Most people think of starting a new hydrangea plant from a cutting, but I am talking about propagating by root or ground layering here – and it’s especially easy if it’s been done for you by mother nature.
My new yard has no hydrangeas, except for the tiny ones I planted this fall. But the duplex I rented for three years had a large, beautiful bush right outside my front window.
As I was weeding around it one spring I found a low hanging branch that had rooted itself into the dirt. I dug it up (with permission from the landlady) and replanted it near the front steps.
The following year she had another little hydrangea shrub to decorate her yard – for free! All it took was digging and watering. It’s an easy, and super cheap, way to increase the beauty of your landscape. And you’ll know exactly what you are getting!
Read the full story with photos by clicking here. And check those low lying branches this Spring – it’s coming.
I’m so happy to add this picture of the new hydrangea shrub. It’s growing like mad and has buds all over it! One of the great things about hydrangea plants is that they are hardy and fill out quickly. If you look back at my other posts you will see just how quickly this one grew. Last year it consisted of two stalks of leaves with no flowers, and although it didn’t look like it was doing much, I’ll bet that underground the root system was expanding and strengthening to support the wealth of growth for the following year – which is now!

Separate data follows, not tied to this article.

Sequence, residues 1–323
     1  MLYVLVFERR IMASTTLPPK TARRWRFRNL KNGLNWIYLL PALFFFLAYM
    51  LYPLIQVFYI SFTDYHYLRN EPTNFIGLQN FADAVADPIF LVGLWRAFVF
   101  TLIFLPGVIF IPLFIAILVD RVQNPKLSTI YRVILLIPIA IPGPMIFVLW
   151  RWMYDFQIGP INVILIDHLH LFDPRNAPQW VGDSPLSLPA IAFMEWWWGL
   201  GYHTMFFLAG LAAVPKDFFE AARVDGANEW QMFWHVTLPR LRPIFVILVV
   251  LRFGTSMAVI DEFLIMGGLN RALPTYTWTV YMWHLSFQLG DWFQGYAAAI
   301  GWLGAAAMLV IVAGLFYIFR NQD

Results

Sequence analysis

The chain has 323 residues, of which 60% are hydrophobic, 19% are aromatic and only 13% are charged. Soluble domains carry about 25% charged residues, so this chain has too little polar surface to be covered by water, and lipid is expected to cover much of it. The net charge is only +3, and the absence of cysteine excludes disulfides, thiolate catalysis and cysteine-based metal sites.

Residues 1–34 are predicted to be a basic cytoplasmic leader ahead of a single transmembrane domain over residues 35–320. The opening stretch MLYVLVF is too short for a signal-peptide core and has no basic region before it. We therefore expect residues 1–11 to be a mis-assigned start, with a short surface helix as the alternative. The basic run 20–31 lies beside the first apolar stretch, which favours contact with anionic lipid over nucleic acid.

That is why you will sometimes hear to not let certain plants bloom the first year. Blooming takes a lot of energy which takes away from the plants ability to become strong. And a good, sturdy plant is needed to produce great flowers. Hydrangeas seem to be “smart enough” to do this on their own. At least that is how it seems to me.
It’s the end of June and in southwestern New Hampshire the hydrangea in my yard is full of buds. The bush is very full this year since I didn’t do any cutting back, but the overall color is not the dark green of the leaves you see in this photo. In fact the bush seems to be divided with part of the stems showing off dark greenery and the rest showing a lighter, less healthy looking green.
The disadvantage I have where I live is that this yard is not mine. I live in a duplex and the owner lives next to me. She goes out and fertilizes with something – seaweed I think – and so I have to be careful of what I add to the plant. I usually just keep it watered and see what happens. Last year the blooms were not as nicely colored as the year before and the flowers were also smaller.
This year is also the first time I have seen browning of the leaves. You can see it in my photo below. So I had to check on diseases of hydrangeas and found that they can get spots on the leaves. However, that site didn’t say why or what to do about them. The leaves in some places, look like something is eating them.
As I have said, it’s not my yard and not my plant, so I’m not worrying too much about it. My landlady is not much of a gardener so I doubt that she even notices or cares. I’ll keep an eye on it and see what happens, but it might have something to do with the fact that we are having a rainy and cold spring and summer season this year. In fact, I have hardly been outside!
I’m looking out for the flowers. I hope they open before I move in July.